House Speaker Nancy Pelosi on Tuesday downplayed the support inside her caucus for impeaching President Trump, saying House Democrats who oppose it outnumber those vocally pushing for it.

“It's not even close in our caucus,” Pelosi said during an on-stage interview at the Fiscal Summit in Washington hosted by the Peter G. Peterson Foundation.


Pelosi was responding to a question about whether she would move forward with impeachment if a majority of her caucus supported it. The speaker, who has resisted impeachment so far despite growing calls from the progressive wing of her party, declined to say. “Why are we speculating on hypotheticals?” she asked.

Still, Pelosi didn’t rule out impeachment.

“It's not off the table,” the speaker said, before adding, “I don't think you should impeach for political reasons and I don't think you should not impeach for political reasons.”

“It's not about politics,” Pelosi said. “It's not about Democrats and Republicans. It’s not about partisanship. It's about patriotism to our country.”

The recent public statement from Robert Mueller, the special counsel who led the Russia investigation, emphasizing that his report did not exonerate the president of obstruction of justice accusations has triggered an avalanche of calls from Democrats to begin impeachment. While Pelosi has been reluctant to embrace that strategy, she reportedly recently told Democrats she ultimately wants to see Trump “in prison."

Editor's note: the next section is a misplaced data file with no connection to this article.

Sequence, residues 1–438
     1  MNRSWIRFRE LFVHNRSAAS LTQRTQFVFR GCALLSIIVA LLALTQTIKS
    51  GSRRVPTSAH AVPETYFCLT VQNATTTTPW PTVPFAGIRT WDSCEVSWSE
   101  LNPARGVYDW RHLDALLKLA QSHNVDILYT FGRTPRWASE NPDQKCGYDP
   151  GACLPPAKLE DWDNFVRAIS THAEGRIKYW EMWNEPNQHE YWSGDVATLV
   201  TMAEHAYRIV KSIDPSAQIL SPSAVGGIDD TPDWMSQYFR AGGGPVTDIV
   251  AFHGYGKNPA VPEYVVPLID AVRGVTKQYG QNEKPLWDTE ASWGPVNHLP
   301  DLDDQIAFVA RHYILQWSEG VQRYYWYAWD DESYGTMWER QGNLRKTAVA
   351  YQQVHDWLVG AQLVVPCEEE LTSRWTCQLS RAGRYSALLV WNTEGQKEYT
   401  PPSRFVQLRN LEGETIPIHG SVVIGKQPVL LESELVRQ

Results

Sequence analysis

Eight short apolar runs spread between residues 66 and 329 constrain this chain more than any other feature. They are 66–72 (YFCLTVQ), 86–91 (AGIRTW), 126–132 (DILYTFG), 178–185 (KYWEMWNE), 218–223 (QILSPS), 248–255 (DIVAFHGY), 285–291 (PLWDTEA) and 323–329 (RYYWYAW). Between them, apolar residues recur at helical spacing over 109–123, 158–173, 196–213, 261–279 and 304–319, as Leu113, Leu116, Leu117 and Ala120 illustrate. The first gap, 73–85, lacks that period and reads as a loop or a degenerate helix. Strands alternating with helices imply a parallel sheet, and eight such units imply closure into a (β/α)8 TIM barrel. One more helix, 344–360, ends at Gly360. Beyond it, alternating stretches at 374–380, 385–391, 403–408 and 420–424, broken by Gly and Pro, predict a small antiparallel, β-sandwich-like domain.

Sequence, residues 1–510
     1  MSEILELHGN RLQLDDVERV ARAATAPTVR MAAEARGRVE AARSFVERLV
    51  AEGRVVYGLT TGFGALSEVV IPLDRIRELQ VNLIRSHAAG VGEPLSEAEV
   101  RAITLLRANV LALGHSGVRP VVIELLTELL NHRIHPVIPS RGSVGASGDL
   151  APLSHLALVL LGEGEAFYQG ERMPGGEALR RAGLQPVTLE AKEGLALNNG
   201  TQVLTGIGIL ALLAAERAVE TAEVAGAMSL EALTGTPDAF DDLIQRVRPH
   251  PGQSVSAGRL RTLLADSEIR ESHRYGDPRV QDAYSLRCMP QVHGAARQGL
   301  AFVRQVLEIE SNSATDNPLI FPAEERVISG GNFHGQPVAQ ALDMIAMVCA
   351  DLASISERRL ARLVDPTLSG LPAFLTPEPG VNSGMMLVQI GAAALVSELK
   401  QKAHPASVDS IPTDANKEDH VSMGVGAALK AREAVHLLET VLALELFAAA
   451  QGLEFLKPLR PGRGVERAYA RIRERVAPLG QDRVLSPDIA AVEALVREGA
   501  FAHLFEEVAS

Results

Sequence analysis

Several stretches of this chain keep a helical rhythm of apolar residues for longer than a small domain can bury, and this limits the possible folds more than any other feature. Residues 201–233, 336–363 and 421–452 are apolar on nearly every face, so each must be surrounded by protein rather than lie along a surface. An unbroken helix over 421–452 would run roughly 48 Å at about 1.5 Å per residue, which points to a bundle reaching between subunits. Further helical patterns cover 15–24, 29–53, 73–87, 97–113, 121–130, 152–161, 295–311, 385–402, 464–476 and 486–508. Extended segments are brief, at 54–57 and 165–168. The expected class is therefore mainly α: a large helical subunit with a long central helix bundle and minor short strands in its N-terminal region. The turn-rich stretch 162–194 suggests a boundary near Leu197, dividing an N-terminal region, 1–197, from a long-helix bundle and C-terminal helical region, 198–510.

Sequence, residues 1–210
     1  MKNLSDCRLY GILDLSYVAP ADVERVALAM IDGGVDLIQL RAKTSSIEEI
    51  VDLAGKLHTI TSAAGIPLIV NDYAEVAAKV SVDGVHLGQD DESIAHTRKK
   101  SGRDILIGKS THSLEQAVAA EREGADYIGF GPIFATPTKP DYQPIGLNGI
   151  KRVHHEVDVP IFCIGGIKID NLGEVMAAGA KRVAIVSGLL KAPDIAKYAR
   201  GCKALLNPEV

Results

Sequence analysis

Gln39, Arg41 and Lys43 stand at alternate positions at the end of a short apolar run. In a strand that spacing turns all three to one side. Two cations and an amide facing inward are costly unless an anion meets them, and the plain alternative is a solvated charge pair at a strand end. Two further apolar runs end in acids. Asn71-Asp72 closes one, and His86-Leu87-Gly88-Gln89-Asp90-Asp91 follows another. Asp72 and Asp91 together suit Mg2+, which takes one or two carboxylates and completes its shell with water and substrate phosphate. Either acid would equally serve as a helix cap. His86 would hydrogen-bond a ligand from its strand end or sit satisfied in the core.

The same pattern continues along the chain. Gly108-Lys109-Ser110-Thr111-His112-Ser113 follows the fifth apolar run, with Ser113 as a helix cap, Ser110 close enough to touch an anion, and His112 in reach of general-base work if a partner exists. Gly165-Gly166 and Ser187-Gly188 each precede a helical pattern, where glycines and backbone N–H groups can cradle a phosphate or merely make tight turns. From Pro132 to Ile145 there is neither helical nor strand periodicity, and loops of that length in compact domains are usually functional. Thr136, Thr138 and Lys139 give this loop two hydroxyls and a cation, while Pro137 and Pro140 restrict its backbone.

Trump blasted Pelosi over that statement, saying, "Nervous Nancy Pelosi is a disgrace to herself and her family for having made such a disgusting statement," adding, "There is no evidence for such a thing to have been said."

Pelosi's comments Tuesday come the same day Democrats are pushing a resolution through the House that would make it easier to sue Trump's administration and potential witnesses, paving the way for legal action against those who defy subpoenas in Congress' Russia probe and other investigations.


The House resolution would authorize lawsuits against Attorney General William Barr and former White House counsel Don McGahn for defying subpoenas pertaining to special counsel Robert Mueller's report. It also would empower committee chairmen to take legal action to enforce subpoenas without a vote of the full House, as long as they have approval from a bipartisan group of House leaders.

Tuesday's vote reflects a new strategy for Democrats, who have moved toward lawsuits and away from criminal contempt as they investigate the Trump administration. Criminal contempt be referred to the Justice Department, where it would certainly be rejected. In the courts, meanwhile, Democrats have scored some early wins over Trump.

It's unclear how quickly Democrats will act once the resolution is approved. House Judiciary Committee Chairman Jerrold Nadler signaled on Monday that they will hold off on suing Barr after the panel struck a deal with the Justice Department to receive some underlying materials from Mueller's report. Nadler said the administration will provide some of Mueller's "most important files" and all members of the committee will be able to view them.

The Associated Press contributed to this report.